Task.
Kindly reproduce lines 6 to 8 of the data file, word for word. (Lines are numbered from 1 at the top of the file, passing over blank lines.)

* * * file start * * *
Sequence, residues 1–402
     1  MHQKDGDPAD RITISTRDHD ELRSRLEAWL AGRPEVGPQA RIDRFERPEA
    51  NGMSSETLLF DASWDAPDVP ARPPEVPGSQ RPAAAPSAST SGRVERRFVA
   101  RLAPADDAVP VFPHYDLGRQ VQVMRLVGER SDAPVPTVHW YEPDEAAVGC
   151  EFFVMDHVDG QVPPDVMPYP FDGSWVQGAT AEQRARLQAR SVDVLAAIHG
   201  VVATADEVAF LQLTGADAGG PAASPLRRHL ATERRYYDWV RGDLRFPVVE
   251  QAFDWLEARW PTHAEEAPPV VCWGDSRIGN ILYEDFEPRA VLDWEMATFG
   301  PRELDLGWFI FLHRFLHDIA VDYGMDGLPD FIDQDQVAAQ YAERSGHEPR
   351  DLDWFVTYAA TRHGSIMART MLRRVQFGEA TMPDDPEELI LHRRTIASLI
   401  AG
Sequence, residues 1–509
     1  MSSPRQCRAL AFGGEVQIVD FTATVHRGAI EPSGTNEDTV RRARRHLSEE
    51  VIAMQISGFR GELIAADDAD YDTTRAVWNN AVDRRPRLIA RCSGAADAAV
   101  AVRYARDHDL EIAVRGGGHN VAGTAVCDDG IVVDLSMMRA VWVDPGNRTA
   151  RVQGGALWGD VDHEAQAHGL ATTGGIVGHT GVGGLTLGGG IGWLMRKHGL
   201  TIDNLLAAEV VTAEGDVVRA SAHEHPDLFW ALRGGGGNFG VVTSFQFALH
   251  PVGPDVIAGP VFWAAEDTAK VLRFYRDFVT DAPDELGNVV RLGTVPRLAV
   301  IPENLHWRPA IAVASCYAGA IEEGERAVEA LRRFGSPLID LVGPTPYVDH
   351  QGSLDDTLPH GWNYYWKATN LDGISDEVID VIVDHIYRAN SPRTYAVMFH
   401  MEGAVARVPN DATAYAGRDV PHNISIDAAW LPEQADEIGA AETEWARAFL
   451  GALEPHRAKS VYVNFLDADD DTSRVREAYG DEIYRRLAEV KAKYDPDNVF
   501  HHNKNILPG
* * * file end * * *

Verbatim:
   201  VVATADEVAF LQLTGADAGG PAASPLRRHL ATERRYYDWV RGDLRFPVVE
   251  QAFDWLEARW PTHAEEAPPV VCWGDSRIGN ILYEDFEPRA VLDWEMATFG
   301  PRELDLGWFI FLHRFLHDIA VDYGMDGLPD FIDQDQVAAQ YAERSGHEPR